The trader immediately contacted the CEO.
In the letter, citing a medical journal and experts studying the respiratory transmission of the coronavirus, Ben Bonneman called on food chain leader Dan Bain to adopt stricter safety protocols. His demands include improving filtering, requiring masks without exception, and a “three-stroke” policy of removing non-cooperating customers from stores.
“We put our lives on the line every day by going to work,” wrote Bonnema, a New York City staff member. “Please introduce yourself to us by adopting this policy.”
The company responded quickly, he says. That fired him.
Bonnema’s story went viral over the weekend after she tweeted about it, sparking outrage by threatening to boycott the chain.
Some experts, referring to his letter to the Biden administration last month urging action to combat airborne transmission in the workplace, say it reinforces the need for action.
“We wrote this letter to protect people like Ben,” wrote Kimberly Pratter, a professor at the University of California, San Diego and one of 13 experts who wrote the letter to the White House. “His letter is a wonderful request based on science. We have been shopping there for 20 years. We will stop until the seller takes it seriously. ”
Kenya Friend Daniel, a food chain spokesman, said in an email to The Washington Post that “misinformation” was circulating about the circumstances of Bonnema’s termination. He said he had been fired “for his disrespectful treatment of our clients”. He added. “Nothing is more important to a trader than the safety of our staff members and customers.”
The company’s coronavirus safety measures include face mask requirements, gloves, masks, pre-shift health check-ups, enhanced cleansing and extended illness time, according to its website.
But Bonnema, who declined to be interviewed, said in a letter to Bain that additional measures were needed. He wrote that it was not enough to exceed the standards set by the Centers for Disease Control and Prevention (CDC), saying that the agency had “reduced the risk of aerosols since the outbreak”. The CDC has been going back and forth for months on the role that tiny droplets play in transmitting the virus, even as the evidence grows that they are a factor.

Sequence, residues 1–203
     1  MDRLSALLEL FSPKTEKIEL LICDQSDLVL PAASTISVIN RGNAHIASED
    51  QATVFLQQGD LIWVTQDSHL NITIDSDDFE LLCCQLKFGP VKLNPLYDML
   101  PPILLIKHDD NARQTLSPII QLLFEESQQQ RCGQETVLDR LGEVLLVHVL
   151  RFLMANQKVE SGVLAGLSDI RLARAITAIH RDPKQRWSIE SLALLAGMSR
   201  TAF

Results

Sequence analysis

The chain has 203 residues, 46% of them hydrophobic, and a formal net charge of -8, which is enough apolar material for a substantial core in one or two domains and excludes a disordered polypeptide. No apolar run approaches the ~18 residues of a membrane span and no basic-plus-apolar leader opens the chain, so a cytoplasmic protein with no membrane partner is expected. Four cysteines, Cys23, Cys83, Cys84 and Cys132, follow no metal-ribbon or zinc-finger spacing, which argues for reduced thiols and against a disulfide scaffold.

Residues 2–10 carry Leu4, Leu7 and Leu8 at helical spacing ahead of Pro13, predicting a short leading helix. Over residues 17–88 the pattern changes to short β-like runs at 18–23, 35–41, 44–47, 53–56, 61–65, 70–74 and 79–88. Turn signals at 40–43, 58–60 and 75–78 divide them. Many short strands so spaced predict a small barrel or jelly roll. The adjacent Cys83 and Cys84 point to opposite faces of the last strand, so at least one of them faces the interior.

The business should follow the advice of scholars such as those who sent the letter to the Biden administration. He called on the CEO to improve HVAC systems in stores, to impose employment restrictions based on carbon dioxide levels. He suggested that no one be allowed in without a mask, that the network meet the “Americans with Disabilities” housing requirement, and suggest shopping for those who cannot or will not have a mask.
Demanding the “Three Strokes” rule, Bonnema wrote that he had been “shouted and sworn at by a client who would not resist over his nose, even though Mates had already asked him to do so.” The customer is allowed to continue shopping.
Bonnema wrote that he was in direct contact with Bain because “these changes can only be with your approval.”
The result was a termination letter. A February 26 document, which Bonnema shared on Twitter, said his proposals contradicted the company’s values.
“Recently. “By mail, you are proposing to apply a ‘3 strike policy’ to clients, a policy that applies the same accommodation to each client with a medical condition that does not allow them to wear a mask,” the letter reads. “These proposals are not in line with our core values. Also, you mention that Business Joe “does not come to us” without adopting your policy. It is clear that you do not understand our values. As a result, we are no longer comfortable with you working for Trader Joe’s. ”
Bonnema posted what it says is its staff’s August 2020 review, in which the salesperson gave her high marks on the entire board. He was assessed as meeting the expectations of each category, highly appreciating humor, kindness, for accepting the “Kaizen spirit”. This refers to the Japanese philosophy of continuous improvement by the company.
He was praised for his “devotion and care” shown to the customers, the reviewer wrote. “You continue the thoughtful relationship with them in the registry արկում on the sales floor.”
Friend-Daniel, a spokesperson for Sales Friend, did not respond to a request for comment on Bonnema Performance.
Bonimana’s lawyer, Benjamin Dictor, described his client’s termination as a retaliatory move, citing his “flawless record.”
“Mr. Bonnema has a federally protected right to protect the security of his colleagues’ workplace,” he said. “His dismissal for such an act is reprehensible. We look forward to receiving an order from the National Board of Labor, which will direct his immediate reinstatement.”
One of Bonnema’s friends, Shakina Naifak, said she was shocked by her resignation. He said he had been a significant worker since the beginning of his global career, with most of New York closed.
According to him, his opinion “seems to be part of the conversation about how we value the people who do such work on the front lines.” He noted that when the coronavirus was newer, New Yorkers spent months on boilers and frying pans to support workers on a daily basis.
“You can’t say you support the people who do this work on the one hand and deprive them of their voices on the other,” he said.